Willmar and the surrounding area continue to have strong retail sales, despite the recession. The most recent figures available show county-wide retail sales of over $600 million. Sales in Willmar account for 75 percent of that total.

Wholesale trade has not been as strong because some local wholesalers depend on the construction and manufacturing industries for their sales and those sectors were hurt by the economic downturn. Manufacturing and agricultural sales remain fairly strong.

"Looking at the big picture, it would have to be said that the local economy is fairing pretty well in the current economy,'' Peterson said. "Business activity and employment remain strong, even with the drop in construction activity.''

MinnWest Technology Campus

The campus remains a bright spot in the area economy. The 19 campus businesses employ more than 240 people. Efforts continued to establish the Mid Central Research and Outreach Center, which is a joint effort of MinnWest, the University of Minnesota, the Minnesota State Colleges and Universities system and the city.

A $10 million grant from the Minnesota Department of Employment and Economic Development to the city will be used to improve a campus building for the center. Biotech development should be an increasingly important piece of the local economy.

Airport development


Last year ended without the city obtaining the land release for the former airport. The Federal Aviation Administration had issues with development occurring on the property before the land was released to the city and the city had to redraft the environmental review documents to reflect any environmental issues that may have been associated with those development projects. No significant environmental impacts have been identified, Peterson said.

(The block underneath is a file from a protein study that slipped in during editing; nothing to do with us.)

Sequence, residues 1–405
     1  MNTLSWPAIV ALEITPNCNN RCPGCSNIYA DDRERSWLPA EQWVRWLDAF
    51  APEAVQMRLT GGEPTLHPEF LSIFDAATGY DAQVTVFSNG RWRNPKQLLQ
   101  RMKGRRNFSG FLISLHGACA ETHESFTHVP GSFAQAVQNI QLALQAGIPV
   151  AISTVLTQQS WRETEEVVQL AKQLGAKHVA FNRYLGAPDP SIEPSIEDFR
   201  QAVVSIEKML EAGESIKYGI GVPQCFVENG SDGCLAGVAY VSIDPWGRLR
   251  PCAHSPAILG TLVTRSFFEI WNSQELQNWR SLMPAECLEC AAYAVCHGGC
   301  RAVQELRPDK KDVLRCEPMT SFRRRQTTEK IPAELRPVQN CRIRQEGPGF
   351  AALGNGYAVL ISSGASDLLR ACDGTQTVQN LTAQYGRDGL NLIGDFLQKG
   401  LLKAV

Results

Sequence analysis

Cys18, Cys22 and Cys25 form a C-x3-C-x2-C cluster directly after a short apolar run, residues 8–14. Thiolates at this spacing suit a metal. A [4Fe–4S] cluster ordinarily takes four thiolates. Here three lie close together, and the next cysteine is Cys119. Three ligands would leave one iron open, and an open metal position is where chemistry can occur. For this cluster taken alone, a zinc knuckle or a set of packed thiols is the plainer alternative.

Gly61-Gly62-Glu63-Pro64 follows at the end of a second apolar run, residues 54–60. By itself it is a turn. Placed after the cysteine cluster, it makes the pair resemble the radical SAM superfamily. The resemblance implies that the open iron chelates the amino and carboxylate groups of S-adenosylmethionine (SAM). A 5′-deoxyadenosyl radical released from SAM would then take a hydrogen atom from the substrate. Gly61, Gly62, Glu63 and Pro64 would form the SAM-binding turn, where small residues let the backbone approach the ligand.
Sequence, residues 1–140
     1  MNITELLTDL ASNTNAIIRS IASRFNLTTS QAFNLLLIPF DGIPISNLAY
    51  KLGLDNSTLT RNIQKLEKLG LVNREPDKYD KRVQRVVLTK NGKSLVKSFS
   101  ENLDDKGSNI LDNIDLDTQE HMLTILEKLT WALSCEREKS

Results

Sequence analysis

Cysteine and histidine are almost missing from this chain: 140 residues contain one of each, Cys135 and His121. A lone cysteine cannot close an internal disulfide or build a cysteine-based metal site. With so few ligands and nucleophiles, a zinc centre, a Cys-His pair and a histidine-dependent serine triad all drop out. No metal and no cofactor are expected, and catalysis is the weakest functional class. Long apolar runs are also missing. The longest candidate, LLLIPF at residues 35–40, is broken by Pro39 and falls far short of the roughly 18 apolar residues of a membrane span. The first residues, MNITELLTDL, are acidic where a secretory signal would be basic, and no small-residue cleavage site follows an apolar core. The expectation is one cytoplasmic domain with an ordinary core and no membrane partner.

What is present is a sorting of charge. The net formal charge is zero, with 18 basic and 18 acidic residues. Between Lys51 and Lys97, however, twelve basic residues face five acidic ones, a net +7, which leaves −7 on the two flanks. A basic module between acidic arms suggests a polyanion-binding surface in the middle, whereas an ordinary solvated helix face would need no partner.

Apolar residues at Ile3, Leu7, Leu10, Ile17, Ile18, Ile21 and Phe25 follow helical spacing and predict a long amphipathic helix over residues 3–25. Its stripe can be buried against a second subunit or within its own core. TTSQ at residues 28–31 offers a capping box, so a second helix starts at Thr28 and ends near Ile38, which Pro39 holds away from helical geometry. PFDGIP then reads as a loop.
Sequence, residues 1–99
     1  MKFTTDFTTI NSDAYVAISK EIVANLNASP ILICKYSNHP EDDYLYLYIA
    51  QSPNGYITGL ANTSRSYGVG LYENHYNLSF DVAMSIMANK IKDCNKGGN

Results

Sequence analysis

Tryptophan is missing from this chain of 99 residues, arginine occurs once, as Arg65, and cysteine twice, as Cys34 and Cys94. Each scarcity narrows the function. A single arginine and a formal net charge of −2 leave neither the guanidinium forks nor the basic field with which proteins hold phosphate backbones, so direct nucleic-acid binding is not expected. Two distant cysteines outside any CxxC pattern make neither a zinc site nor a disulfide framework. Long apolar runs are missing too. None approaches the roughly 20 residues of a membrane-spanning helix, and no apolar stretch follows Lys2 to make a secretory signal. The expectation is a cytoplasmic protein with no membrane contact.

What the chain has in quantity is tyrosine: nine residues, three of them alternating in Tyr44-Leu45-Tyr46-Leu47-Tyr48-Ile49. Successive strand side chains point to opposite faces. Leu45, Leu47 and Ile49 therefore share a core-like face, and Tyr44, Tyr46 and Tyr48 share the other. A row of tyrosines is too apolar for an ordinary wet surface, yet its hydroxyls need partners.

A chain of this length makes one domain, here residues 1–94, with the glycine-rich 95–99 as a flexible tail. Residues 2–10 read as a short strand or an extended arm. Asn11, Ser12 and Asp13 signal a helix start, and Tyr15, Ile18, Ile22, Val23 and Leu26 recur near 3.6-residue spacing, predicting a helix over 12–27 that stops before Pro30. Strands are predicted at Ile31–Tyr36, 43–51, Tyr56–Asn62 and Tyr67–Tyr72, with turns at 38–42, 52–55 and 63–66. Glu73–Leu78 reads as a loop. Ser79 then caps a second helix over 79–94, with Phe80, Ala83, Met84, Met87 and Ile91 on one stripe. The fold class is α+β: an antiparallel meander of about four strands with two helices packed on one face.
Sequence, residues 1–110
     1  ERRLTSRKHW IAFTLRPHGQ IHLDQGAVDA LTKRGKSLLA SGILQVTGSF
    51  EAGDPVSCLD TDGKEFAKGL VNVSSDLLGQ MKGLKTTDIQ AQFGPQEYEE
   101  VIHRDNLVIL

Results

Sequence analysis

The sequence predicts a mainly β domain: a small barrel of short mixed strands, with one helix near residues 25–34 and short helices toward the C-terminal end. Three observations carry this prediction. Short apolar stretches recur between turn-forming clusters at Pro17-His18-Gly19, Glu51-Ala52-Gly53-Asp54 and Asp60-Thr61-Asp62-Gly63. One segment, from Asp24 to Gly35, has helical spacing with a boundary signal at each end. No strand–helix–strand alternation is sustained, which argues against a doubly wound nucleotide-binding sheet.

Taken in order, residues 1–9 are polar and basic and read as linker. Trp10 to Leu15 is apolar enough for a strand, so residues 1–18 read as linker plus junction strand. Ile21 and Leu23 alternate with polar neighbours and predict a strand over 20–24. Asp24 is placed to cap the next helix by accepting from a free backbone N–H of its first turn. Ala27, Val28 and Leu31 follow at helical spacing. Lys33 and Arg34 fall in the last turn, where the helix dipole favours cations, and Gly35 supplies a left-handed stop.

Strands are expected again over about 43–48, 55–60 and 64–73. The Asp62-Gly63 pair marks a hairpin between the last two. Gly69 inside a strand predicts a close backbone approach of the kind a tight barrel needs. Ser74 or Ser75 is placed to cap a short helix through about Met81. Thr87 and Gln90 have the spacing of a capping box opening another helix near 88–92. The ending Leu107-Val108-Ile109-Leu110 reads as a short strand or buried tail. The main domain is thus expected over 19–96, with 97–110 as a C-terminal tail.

The final plat for the expanded industrial park was approved and will provide additional sites for industrial development. All former airport land east of County Road 5 has been platted as phase 1 of the redevelopment effort. Property west of County Road 5 will be platted in future phases as demand dictates.

Population and employment

A state demographer's estimate of Willmar's population at 19,130 may be low, said Peterson. Based on inaccurate findings in the 2000 Census and knowledge of local housing and population trends, staff places the estimate closer to 19,700.

"Hopefully, the results of the 2010 Census will provide an accurate population count and portrait of the community,'' he said.

Willmar remains the eighth-largest city outside the metro area. The state demographer projects population to grow 3.5 percent from 2010 to 2020. The age groups expected to show the most growth in the near future are the "baby-boomers'' (age 55 and older) and those persons who are 5-14 and 35-44.

Employment remains fairly steady, even during the recession. Willmar will continue to be the employment hub of the county and region, owing to its growing population and diverse economy. The county's largest employment sectors are health care and social assistance, manufacturing, and retail trade. Most employment sectors grew over the past decade, and are likewise projected to grow over the next decade.

Comprehensive plan


The Willmar City Council adopted a new comprehensive land use plan in June 2009. That action culminated a three-year process of public participation, staff research and writing, Planning Commission comment and review, and packaging by the Mid-Minnesota Development Commission.